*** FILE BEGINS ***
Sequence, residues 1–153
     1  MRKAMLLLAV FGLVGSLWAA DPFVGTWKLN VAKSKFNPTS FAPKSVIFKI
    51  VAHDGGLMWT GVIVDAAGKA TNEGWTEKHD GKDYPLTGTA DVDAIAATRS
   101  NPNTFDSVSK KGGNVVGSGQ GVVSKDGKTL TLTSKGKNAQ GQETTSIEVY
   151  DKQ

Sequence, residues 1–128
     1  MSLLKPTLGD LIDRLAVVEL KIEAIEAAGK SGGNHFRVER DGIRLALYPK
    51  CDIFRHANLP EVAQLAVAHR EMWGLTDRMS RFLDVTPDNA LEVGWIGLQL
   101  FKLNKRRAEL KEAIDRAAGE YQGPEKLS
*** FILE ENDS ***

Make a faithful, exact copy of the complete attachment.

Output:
Sequence, residues 1–153
     1  MRKAMLLLAV FGLVGSLWAA DPFVGTWKLN VAKSKFNPTS FAPKSVIFKI
    51  VAHDGGLMWT GVIVDAAGKA TNEGWTEKHD GKDYPLTGTA DVDAIAATRS
   101  NPNTFDSVSK KGGNVVGSGQ GVVSKDGKTL TLTSKGKNAQ GQETTSIEVY
   151  DKQ

Sequence, residues 1–128
     1  MSLLKPTLGD LIDRLAVVEL KIEAIEAAGK SGGNHFRVER DGIRLALYPK
    51  CDIFRHANLP EVAQLAVAHR EMWGLTDRMS RFLDVTPDNA LEVGWIGLQL
   101  FKLNKRRAEL KEAIDRAAGE YQGPEKLS